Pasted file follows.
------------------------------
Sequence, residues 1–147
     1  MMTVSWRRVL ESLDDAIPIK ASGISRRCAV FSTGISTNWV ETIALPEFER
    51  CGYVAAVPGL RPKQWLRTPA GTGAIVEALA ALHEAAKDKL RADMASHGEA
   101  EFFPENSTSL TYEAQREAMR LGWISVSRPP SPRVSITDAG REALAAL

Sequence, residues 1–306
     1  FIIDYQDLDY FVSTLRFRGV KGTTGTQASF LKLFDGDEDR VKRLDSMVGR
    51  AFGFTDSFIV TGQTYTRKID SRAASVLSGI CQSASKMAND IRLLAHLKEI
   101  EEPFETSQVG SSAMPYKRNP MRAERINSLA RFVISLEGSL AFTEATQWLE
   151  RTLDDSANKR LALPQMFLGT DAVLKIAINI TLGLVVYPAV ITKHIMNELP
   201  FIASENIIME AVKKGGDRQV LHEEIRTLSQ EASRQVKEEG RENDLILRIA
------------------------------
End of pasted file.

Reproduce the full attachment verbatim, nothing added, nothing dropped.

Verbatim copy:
Sequence, residues 1–147
     1  MMTVSWRRVL ESLDDAIPIK ASGISRRCAV FSTGISTNWV ETIALPEFER
    51  CGYVAAVPGL RPKQWLRTPA GTGAIVEALA ALHEAAKDKL RADMASHGEA
   101  EFFPENSTSL TYEAQREAMR LGWISVSRPP SPRVSITDAG REALAAL

Sequence, residues 1–306
     1  FIIDYQDLDY FVSTLRFRGV KGTTGTQASF LKLFDGDEDR VKRLDSMVGR
    51  AFGFTDSFIV TGQTYTRKID SRAASVLSGI CQSASKMAND IRLLAHLKEI
   101  EEPFETSQVG SSAMPYKRNP MRAERINSLA RFVISLEGSL AFTEATQWLE
   151  RTLDDSANKR LALPQMFLGT DAVLKIAINI TLGLVVYPAV ITKHIMNELP
   201  FIASENIIME AVKKGGDRQV LHEEIRTLSQ EASRQVKEEG RENDLILRIA